games  narrative  story  michaelabbott  dissonance  design  mechanics  systems 
december 2008 by infovore
Fullbright: The immersion model of meaning
"Our attempts to bridle the player's freedom of movement and force our meaning onto him are fruitless. Rather, it is a distinct transportative, transformative quality-- the ability of the player to build his own personal meaning through immersion in the interactive fields of potential we provide-- that is our unique strength, begging to be fully realized." Some great Steve Gaynor; reminds me of Mitch Resnick's "microworld construction kits" all over again.
stevegaynor  games  immersion  systems  mechanics  openworld  narrative  experience  freedom  meaning 
november 2008 by infovore
howies® - Push the bees where they want to go
"By understanding the way bees respond to all the different aspects of the natural world, the beekeeper is able to recover his own relationship to the natural world through bees."
bees  beekeeping  nature  systems  world 
november 2008 by infovore
Games Without Frontiers: How Videogames Blind Us With Science
"After all, what is science? It's a technique for uncovering the hidden rules that govern the world. And videogames are simulated worlds that kids are constantly trying to master. Lineage and World of Warcraft aren't "real" world, of course, but they are consistent -- the behavior of the environment and the creatures in it are governed by hidden and generally unchanging rules, encoded by the game designers. In the process of learning a game, gamers try to deduce those rules. This leads them, without them even realizing it, to the scientific method."
games  science  scientificmethod  systems  method  deduction  statistics  inference  wired  teaching  education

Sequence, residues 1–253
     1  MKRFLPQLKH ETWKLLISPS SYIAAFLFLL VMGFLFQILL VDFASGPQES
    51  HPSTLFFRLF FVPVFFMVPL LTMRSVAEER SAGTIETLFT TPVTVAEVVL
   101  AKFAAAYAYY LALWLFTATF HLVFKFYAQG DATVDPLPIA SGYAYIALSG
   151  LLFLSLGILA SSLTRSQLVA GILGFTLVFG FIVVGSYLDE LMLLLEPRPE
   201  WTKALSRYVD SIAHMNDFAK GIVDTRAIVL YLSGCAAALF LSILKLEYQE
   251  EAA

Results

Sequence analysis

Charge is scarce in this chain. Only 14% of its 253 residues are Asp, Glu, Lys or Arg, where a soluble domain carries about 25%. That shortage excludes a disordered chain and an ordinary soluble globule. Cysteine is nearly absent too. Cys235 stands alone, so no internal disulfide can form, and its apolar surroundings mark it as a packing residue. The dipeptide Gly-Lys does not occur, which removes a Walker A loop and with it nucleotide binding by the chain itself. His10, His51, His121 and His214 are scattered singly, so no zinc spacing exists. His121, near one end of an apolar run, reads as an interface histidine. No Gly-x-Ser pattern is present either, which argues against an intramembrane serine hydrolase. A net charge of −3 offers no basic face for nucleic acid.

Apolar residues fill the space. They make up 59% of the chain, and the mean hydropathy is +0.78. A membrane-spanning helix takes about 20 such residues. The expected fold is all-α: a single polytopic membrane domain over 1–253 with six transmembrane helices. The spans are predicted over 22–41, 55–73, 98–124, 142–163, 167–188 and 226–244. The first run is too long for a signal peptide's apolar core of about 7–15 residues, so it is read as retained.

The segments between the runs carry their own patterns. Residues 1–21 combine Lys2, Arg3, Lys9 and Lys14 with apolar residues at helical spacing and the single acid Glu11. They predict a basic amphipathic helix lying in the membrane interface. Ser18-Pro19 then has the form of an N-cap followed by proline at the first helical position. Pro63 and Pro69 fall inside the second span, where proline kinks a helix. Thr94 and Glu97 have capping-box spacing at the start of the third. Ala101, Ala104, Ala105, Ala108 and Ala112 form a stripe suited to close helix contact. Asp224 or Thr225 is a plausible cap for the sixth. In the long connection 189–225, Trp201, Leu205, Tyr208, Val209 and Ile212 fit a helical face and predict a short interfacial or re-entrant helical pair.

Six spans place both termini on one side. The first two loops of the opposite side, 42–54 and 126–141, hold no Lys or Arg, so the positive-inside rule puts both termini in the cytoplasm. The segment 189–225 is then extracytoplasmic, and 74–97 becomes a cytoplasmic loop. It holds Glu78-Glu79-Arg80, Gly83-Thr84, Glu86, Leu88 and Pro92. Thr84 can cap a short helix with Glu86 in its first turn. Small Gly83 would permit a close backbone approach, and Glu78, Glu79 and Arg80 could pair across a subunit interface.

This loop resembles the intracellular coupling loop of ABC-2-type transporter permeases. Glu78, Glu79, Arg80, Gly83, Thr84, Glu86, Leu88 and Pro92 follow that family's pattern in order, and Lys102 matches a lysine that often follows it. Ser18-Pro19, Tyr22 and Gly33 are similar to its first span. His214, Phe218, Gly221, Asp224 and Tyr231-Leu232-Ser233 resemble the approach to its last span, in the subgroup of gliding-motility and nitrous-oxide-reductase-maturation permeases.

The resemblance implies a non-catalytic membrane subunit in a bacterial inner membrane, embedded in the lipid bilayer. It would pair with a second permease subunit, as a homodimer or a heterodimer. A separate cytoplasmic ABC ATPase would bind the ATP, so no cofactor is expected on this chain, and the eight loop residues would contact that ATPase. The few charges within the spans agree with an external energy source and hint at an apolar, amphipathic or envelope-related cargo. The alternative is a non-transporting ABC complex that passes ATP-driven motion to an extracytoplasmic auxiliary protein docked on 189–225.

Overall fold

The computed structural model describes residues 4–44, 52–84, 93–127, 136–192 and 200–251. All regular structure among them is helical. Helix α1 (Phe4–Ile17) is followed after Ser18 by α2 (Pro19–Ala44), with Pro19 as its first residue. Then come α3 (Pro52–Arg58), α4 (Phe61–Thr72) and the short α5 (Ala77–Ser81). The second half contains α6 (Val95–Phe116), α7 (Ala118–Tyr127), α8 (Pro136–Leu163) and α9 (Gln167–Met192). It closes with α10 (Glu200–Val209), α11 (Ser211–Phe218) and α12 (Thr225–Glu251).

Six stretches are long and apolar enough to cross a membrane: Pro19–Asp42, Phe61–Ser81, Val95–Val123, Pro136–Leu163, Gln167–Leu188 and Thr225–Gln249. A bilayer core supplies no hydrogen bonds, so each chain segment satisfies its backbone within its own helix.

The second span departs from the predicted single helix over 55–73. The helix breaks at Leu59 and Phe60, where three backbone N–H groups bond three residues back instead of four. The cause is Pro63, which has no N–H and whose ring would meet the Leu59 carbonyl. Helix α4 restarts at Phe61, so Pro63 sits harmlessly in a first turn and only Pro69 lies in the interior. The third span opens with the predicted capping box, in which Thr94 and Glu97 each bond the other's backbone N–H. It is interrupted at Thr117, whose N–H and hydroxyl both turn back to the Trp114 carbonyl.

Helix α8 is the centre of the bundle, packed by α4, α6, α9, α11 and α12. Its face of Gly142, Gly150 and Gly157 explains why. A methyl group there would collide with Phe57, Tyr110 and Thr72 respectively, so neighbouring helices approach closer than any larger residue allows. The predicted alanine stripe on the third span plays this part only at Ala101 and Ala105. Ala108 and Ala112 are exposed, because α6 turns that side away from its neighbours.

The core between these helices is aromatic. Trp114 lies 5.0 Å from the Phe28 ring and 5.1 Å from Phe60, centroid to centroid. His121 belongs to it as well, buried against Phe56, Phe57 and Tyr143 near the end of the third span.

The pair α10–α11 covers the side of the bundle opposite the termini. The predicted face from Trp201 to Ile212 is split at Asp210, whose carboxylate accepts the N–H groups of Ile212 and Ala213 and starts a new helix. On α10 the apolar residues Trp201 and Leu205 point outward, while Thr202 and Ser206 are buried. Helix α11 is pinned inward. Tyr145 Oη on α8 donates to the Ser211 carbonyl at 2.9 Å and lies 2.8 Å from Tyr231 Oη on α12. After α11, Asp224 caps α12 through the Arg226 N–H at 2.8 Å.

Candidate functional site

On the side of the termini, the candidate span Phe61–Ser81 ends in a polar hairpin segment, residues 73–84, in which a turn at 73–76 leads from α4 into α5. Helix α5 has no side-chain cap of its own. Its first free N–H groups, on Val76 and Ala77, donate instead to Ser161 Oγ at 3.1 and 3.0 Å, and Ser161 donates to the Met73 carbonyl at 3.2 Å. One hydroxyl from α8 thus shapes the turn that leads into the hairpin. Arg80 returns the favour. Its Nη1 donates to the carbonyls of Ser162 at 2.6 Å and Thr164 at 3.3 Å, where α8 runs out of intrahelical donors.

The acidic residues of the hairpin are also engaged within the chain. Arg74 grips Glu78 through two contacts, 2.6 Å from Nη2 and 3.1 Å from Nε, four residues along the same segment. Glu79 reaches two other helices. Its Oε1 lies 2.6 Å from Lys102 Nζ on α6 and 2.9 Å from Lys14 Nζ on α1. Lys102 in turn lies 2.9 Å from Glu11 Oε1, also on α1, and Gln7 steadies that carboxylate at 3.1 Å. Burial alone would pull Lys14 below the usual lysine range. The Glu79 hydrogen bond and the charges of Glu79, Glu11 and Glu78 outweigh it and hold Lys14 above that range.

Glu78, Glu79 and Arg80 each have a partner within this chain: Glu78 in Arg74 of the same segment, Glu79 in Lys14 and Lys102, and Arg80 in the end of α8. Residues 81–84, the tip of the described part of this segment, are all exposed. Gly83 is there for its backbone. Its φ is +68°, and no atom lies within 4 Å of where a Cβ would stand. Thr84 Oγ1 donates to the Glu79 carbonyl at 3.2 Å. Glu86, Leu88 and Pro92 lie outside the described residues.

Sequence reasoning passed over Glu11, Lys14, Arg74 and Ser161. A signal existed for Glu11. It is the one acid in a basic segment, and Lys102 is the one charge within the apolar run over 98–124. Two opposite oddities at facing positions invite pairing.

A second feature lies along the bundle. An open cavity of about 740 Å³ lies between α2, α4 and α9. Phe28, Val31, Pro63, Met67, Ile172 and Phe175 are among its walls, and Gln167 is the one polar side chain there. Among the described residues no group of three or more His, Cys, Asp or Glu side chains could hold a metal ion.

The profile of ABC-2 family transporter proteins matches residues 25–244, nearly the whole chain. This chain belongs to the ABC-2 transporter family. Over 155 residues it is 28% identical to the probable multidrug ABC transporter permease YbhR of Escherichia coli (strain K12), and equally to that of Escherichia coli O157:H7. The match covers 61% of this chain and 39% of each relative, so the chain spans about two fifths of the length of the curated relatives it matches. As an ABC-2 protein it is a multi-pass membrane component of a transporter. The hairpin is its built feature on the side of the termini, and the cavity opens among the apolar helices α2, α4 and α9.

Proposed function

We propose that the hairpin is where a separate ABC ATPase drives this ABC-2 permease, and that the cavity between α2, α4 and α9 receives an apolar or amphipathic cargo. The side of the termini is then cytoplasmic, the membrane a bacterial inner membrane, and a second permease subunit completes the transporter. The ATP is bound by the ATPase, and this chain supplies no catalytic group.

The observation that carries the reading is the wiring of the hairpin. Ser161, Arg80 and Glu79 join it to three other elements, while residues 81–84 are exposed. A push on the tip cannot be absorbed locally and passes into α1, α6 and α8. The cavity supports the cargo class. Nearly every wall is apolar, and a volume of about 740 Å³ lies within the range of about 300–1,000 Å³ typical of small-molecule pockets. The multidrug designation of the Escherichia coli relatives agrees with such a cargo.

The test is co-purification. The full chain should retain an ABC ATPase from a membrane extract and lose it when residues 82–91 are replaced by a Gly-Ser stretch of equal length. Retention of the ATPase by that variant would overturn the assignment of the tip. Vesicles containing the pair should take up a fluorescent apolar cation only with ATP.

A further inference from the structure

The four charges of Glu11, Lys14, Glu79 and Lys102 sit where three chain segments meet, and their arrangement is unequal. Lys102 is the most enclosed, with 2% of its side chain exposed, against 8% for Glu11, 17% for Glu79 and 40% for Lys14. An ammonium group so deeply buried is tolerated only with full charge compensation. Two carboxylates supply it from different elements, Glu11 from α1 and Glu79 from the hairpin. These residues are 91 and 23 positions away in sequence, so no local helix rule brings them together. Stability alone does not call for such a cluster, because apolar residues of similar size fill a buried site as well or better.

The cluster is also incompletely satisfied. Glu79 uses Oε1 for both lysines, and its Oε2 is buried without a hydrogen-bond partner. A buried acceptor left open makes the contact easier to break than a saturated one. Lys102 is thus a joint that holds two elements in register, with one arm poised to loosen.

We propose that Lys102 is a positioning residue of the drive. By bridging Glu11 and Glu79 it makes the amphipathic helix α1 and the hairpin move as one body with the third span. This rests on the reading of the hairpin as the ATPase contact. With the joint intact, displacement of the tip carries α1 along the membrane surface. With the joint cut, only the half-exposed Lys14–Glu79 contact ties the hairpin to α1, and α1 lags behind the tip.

september 2008 by infovore
Road runner rules
Jason Kottke republishes the supposed rules that Chuck Jones and other Road Runner animators stuck to whilst making their cartoons. Perhaps a little apocraphyl, but I like the idea of rules for things that aren't games.
rules  roadrunner  cartoon  animation  chuckjones  systems 
september 2008 by infovore
Versus CluClu Land: Rules and Fun
"The pleasure of video games, it seems to me, comes from our sense that we are collaborating in the realization of the designer's intentions by learning those rules." Yes. This is why I loved watching Mission Impossible: every week, a puzzle is solved.
rules  games  play  philosophy  pleasure  mechanics  systems 
july 2008 by infovore
of this we are sure: Sketching an API architecture
"I'm willing to accept that the API as a model for architecture contributes less to the design of individual buildings than to the function of the city, but it should effect both." Some good stuff in here I need to go back over.
api  architecture  design  web  analogy  systems 
november 2007 by infovore
Twitter as coral reef (Scripting News)
Dave Winer++ : "As a system designer, I'd like to believe that Twitter or something like it will always be there. I'm not sure of that yet, but it seems we're close."
twitter  technology  systems  software  ecology  metaphor 
may 2007 by infovore
Time to stop obsessing about the infrastructure
The network is not about the applications. The network is about the glue. (I will be repeating this mantra in future).
glue  network  systems  infrastructure 
march 2006 by infovore